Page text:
Doctors who wrongly declared baby dead at Max Hospital sacked

Doctors who wrongly declared baby dead at Max Hospital sacked

Doctors who wrongly declared baby dead at Max Hospital sacked

On Nov. 30, doctors at the hospital declared the 22-week-old premature baby dead and handed them over to their parents in a polythene bag along with his stillborn twin brother.

Doctors at Max hospital declared the boy dead soon after and he was returned to the family "wrapped like a courier package from the back door", according to NDTV.

But when they were driving to the cremation ground, the family noticed one of the bags moving and found the little boy still alive.

"In a statement issued, the Max Hospital authorities announced that they have", chose to terminate the services of the two treating doctors Dr. A.P. Mehta and Dr. Vishal Gupta in the case relating to the twin extreme pre-term babies". "We ripped it open, found bits of plastic and the baby inside, breathing".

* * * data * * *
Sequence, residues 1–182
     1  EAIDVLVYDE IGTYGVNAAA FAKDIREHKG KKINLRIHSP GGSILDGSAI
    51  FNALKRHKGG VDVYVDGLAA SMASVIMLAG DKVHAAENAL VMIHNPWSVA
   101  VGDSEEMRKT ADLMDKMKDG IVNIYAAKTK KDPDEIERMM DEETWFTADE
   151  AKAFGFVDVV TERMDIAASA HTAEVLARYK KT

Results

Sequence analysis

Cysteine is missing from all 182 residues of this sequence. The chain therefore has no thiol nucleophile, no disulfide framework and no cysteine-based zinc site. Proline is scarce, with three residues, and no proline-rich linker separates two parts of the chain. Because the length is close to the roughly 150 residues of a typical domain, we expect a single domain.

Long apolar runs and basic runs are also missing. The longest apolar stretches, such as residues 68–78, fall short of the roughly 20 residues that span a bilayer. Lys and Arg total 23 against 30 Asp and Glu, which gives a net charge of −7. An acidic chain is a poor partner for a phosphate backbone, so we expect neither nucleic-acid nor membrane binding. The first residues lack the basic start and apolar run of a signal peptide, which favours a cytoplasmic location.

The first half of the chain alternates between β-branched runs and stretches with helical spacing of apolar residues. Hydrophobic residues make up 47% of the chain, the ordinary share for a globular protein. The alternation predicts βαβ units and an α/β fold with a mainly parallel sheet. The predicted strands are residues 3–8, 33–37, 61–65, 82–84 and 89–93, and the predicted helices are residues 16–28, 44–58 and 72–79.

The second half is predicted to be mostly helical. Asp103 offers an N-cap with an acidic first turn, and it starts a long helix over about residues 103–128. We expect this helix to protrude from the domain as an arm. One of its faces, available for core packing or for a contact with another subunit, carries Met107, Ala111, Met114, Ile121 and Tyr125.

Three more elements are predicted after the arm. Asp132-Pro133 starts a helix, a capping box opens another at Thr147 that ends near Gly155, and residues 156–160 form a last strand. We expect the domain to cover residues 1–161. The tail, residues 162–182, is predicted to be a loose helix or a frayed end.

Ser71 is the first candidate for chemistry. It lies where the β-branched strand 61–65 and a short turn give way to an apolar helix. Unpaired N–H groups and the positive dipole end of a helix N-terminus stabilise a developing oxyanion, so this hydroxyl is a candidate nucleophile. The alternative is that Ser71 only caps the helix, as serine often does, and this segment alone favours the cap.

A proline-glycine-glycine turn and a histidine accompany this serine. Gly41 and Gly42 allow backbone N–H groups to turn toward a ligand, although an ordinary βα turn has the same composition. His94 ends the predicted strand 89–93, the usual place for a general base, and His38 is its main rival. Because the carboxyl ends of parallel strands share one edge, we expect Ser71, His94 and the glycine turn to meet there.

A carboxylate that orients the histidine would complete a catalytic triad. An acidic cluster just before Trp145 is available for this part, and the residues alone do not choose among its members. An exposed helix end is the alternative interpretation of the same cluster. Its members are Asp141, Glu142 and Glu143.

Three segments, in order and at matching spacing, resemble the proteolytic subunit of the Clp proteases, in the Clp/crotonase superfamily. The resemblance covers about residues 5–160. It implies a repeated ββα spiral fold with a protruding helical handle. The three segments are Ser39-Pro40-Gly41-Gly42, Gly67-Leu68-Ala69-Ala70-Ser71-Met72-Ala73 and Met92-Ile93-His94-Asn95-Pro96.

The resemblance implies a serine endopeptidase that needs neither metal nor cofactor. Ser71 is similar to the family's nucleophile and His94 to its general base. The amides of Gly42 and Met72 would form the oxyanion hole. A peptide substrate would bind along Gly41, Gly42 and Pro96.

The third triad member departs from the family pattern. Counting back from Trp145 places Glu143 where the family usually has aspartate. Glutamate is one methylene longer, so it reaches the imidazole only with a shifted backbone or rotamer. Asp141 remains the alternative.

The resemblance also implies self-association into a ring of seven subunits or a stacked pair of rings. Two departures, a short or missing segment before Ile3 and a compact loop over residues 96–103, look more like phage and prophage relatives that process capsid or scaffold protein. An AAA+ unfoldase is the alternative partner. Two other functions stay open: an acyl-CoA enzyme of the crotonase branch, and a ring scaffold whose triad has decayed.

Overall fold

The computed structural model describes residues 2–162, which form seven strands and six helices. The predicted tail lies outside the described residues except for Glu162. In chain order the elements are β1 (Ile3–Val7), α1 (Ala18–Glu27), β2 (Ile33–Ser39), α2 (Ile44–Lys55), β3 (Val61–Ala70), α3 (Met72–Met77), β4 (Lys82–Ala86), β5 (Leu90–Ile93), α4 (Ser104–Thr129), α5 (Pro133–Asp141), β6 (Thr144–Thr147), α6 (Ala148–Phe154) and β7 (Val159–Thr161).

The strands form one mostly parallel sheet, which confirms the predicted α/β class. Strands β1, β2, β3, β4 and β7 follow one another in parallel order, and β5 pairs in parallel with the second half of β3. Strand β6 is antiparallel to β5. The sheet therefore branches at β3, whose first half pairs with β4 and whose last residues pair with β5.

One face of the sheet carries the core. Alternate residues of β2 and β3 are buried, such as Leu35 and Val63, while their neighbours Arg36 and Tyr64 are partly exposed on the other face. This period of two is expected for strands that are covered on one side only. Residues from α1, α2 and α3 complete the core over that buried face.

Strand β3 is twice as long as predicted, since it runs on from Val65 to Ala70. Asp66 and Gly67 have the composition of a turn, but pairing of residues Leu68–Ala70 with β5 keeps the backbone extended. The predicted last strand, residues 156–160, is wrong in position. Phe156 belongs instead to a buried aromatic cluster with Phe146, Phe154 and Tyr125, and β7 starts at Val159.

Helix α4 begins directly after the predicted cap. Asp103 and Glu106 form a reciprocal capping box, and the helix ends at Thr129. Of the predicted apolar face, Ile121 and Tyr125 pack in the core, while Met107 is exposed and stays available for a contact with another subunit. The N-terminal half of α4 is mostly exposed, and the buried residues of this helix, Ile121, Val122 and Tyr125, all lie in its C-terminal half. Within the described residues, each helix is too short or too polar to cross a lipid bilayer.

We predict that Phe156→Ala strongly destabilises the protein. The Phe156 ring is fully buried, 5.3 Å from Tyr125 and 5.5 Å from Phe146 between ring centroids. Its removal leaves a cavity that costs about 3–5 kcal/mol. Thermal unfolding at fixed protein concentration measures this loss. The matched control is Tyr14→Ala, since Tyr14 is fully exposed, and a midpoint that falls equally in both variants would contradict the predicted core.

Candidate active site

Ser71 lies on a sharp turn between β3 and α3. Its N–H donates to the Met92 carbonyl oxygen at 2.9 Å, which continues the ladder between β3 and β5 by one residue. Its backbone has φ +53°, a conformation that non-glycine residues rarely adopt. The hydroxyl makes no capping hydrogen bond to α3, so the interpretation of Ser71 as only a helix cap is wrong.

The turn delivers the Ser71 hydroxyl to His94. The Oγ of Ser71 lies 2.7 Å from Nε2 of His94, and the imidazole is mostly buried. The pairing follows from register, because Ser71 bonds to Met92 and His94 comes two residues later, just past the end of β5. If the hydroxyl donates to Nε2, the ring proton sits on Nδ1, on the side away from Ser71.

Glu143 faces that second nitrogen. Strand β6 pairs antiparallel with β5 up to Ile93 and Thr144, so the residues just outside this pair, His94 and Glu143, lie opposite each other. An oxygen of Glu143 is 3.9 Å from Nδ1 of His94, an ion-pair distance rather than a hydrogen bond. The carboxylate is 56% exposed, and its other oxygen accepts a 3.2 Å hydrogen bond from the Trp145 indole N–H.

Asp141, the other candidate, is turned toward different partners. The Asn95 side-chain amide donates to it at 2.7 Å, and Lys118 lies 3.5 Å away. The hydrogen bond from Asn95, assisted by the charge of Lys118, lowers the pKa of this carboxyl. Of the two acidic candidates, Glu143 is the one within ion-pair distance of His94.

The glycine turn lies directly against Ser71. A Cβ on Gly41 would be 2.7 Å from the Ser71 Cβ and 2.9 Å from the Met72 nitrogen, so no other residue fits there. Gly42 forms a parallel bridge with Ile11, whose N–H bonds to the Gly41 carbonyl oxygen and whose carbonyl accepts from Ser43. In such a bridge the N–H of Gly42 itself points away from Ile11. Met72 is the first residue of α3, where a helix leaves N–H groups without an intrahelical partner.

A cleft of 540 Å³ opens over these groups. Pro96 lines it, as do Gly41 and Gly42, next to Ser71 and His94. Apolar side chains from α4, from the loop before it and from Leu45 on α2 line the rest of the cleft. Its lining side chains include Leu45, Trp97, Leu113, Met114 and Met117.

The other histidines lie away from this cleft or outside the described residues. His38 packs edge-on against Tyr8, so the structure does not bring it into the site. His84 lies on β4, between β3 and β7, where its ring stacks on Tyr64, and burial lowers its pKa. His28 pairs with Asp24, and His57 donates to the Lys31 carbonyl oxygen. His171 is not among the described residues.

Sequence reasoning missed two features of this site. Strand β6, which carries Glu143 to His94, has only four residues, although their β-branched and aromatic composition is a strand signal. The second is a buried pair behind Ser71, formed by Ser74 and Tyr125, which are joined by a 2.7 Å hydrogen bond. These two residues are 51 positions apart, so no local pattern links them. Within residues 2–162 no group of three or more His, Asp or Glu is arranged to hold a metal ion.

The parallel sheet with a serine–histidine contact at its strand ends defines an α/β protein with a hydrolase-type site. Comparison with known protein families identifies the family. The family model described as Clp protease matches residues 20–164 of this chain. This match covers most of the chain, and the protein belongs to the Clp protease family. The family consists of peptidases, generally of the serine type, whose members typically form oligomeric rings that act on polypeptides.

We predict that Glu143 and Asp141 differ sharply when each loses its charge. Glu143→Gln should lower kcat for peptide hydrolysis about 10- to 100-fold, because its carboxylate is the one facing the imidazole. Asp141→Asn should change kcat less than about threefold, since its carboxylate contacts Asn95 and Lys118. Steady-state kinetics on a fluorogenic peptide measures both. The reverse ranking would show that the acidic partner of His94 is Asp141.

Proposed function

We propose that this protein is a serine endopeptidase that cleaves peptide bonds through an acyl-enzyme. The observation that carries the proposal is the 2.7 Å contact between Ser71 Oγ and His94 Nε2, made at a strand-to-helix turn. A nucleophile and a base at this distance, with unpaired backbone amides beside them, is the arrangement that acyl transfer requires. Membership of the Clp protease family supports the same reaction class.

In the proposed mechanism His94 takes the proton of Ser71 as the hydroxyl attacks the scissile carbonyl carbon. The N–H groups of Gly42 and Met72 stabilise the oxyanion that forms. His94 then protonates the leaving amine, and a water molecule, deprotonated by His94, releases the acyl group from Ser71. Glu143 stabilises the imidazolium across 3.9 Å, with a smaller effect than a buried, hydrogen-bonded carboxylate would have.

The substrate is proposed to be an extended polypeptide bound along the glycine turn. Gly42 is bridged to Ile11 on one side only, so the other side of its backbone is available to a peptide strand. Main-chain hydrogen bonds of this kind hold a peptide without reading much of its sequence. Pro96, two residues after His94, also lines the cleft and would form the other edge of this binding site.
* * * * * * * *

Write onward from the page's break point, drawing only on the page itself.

The boy, who has been given the name Champ, is on life support at a Delhi nursing home. "After we traveled ... we felt a movement in one", said the babies' grandfather.

The incident sparked outrage and protests outside the hospital at the weekend.

Delhi health minister Satyendar Jain on Saturday said that strict action would be taken against the hospital and if required its licence would be cancelled.

Max Healthcare said it was "shaken and concerned at this rare incident" and announced on Monday that the two treating doctors would be sacked.

Meanwhile, Union Health Minister Jagat Prakash Nadda has asked the Delhi Government to take necessary action over the negligence of the Max Hospital.

"As the research, by an independent panel involving experts from the Indian Medical Association, is under way, we made a decision to end the services of the two doctors". "The difference between a mistake and negligence is deliberate action. We don't trust the doctors there", Malik said.

The family then rushed the baby to another hospital where, according to Indian TV, they were told it would cost 100,000 rupees (£1,150) for three days' treatment in an intensive care unit.

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